Justin, Martyr





Justin Martyr (100 - 165), born in modern day Palestine, was an early Christian apologist and martyr. He claimed to have been raised a Gentile, and in his search for truth he studied with the Stoics, Aristotelians, Pythagoreans, and Platonists. Impressed by the devotion of Christian martyrs, he was eventually converted to Christianity by an old Christian who taught him about the Hebrew prophets.

According to Justin, Christianity filled the highest aspirations of Platonic philosophy and was, therefore, the 'true philosophy.' He was one of the first to consistently use Greek philosophy (especially Platonism) to explain Christian doctrine, in dramatic opposition to Tertullian, who would ask "what does Athens [representing the philosophy] have to do with Jerusalem [representing the church]?"

In the writings of the early church we have three documents from Justin Martyr—The First Apology; The Second Apology; and The Dialogue with Trypho. In his First Apology, Justin argued that there were traces of Christian truth (logos spermatikis) that could be found in pagan writings. In both apologies, he seeks to defend the position of the Christians in the kingdom against unfair persecution and misconceptions. Justin seeks to dispel the myths surrounding Christians such as cannibalism or licentious sex but to prove these he goes on to write vastly on the Christian faith.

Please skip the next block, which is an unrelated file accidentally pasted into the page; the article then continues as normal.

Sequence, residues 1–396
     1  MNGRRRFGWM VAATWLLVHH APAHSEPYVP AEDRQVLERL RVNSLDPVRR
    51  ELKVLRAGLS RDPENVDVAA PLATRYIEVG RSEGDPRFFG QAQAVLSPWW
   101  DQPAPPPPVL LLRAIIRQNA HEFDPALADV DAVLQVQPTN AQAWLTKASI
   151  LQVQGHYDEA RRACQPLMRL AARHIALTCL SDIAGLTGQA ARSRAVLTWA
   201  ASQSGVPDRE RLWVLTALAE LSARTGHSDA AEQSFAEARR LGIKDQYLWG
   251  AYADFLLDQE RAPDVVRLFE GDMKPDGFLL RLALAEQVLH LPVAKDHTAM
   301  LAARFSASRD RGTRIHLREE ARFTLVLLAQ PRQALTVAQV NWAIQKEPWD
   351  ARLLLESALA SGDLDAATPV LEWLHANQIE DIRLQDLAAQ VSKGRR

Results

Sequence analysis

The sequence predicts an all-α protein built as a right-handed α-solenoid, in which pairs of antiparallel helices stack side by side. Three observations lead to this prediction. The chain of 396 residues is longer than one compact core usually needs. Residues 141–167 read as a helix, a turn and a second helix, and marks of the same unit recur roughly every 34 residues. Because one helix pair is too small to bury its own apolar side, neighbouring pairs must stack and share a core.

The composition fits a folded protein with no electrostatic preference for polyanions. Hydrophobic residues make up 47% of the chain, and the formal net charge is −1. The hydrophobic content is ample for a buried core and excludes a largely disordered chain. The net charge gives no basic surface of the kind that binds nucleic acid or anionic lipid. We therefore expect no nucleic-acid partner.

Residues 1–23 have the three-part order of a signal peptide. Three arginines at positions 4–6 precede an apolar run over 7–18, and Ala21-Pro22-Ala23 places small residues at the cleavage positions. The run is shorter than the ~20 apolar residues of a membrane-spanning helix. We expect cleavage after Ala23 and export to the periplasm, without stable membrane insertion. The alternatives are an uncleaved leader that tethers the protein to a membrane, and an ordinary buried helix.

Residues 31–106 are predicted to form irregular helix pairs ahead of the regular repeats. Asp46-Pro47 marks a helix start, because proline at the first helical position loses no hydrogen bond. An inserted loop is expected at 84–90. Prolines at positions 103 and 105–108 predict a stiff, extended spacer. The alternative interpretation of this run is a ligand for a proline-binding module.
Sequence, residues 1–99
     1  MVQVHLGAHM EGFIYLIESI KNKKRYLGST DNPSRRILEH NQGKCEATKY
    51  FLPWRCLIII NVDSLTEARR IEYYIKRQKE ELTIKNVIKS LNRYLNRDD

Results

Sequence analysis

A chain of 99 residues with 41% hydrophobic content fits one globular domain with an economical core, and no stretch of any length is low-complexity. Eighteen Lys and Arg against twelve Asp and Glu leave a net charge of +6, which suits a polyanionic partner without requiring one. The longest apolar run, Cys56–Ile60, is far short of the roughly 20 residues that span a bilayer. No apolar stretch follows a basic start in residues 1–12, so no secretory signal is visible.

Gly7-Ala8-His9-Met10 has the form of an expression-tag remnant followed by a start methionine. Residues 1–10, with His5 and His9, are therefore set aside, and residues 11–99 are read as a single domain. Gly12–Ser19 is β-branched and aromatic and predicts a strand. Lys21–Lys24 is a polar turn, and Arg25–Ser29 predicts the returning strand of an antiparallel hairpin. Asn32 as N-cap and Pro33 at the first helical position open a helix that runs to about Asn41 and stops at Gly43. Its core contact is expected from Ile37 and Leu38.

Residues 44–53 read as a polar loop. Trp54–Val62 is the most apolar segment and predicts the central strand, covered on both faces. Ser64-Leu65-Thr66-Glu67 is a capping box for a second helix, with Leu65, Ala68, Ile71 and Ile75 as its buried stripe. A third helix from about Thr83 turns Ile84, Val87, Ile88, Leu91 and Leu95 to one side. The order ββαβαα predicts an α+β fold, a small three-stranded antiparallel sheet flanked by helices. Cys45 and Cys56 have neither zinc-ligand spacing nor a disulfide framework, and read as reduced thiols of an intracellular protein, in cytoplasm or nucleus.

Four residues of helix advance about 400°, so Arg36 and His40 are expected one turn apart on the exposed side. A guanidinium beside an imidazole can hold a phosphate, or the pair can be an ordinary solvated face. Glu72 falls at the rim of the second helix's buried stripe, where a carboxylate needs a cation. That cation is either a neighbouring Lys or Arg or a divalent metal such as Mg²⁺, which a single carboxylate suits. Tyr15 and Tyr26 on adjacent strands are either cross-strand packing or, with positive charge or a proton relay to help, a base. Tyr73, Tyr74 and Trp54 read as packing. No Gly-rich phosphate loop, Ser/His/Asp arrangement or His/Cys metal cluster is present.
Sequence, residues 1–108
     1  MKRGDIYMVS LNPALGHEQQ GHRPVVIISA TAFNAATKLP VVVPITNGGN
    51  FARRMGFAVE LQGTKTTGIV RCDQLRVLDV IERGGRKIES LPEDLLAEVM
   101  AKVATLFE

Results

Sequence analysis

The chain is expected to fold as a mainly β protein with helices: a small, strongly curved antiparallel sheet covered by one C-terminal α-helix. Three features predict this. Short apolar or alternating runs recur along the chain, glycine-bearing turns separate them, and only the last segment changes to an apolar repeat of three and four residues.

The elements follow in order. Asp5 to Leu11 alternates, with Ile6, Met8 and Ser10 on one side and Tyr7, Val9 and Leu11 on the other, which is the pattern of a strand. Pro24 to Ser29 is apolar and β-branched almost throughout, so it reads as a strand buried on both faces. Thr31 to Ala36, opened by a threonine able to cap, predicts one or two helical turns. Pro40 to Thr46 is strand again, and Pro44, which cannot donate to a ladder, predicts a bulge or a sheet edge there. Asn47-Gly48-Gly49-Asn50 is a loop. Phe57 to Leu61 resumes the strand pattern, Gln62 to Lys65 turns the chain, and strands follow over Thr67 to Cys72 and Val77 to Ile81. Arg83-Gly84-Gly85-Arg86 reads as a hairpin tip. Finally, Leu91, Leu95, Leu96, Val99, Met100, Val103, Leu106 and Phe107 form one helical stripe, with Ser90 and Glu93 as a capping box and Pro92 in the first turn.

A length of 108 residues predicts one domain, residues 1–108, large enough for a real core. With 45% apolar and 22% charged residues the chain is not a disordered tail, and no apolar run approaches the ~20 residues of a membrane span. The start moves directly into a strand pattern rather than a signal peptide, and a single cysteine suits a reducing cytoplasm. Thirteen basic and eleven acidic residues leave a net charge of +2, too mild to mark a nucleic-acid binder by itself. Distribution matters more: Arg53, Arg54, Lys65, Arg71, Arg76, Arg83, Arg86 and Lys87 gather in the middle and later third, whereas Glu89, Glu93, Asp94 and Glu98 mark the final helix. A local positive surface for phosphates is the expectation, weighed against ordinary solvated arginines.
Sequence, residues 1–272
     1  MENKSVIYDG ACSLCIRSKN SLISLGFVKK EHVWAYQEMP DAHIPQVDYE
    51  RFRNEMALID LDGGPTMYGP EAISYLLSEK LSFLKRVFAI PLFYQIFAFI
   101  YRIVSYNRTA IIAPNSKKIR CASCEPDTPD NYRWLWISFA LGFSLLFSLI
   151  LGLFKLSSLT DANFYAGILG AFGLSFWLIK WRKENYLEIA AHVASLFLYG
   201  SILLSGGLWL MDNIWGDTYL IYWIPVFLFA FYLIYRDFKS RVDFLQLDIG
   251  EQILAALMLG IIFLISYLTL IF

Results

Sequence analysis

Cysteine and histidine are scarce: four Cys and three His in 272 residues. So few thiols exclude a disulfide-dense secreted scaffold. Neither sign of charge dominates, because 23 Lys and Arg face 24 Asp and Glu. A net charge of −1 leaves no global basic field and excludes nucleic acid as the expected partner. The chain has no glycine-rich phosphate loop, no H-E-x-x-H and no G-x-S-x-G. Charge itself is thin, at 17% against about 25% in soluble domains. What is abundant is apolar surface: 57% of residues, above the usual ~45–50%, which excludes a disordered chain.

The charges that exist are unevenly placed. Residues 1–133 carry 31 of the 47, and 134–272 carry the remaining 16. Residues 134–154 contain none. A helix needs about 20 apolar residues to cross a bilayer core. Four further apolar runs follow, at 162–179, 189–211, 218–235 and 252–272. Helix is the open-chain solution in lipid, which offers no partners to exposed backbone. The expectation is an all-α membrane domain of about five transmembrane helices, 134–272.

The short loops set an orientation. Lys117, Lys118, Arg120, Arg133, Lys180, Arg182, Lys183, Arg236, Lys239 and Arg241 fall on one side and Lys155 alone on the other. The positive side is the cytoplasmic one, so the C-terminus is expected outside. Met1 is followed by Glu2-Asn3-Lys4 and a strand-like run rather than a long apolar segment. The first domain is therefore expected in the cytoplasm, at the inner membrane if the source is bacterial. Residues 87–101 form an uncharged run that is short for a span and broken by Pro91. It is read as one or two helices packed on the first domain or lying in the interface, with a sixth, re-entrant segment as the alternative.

With fraternal affection,

Fr. Homero C.